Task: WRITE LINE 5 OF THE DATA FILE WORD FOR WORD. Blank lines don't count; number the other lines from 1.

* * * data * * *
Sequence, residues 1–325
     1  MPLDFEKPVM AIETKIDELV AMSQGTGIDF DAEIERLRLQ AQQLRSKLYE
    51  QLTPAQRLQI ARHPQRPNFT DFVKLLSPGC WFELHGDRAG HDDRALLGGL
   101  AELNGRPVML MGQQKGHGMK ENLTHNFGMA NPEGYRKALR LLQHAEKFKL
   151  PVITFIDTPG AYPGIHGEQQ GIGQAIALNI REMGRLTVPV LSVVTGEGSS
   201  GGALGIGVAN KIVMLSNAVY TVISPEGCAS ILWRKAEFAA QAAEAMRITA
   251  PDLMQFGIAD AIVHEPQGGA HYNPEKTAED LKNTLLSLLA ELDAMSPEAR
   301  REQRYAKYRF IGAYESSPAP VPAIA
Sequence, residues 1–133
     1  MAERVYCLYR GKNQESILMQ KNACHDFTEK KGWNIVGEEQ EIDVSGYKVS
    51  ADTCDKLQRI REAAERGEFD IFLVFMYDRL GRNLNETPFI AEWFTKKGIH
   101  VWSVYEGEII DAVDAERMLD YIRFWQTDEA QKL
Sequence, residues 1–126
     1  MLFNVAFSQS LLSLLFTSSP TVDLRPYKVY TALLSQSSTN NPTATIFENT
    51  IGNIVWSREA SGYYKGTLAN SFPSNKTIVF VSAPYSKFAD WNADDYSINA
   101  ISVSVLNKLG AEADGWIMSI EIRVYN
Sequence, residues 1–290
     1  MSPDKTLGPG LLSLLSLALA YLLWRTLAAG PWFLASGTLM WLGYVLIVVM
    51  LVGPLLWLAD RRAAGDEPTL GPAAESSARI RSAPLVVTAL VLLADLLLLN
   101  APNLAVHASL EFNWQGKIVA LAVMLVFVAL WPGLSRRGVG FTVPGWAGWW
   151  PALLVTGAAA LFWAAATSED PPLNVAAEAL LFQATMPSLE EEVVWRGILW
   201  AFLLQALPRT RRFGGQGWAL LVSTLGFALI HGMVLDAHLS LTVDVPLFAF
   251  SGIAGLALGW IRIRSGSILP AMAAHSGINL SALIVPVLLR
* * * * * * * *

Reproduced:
   151  PVITFIDTPG AYPGIHGEQQ GIGQAIALNI REMGRLTVPV LSVVTGEGSS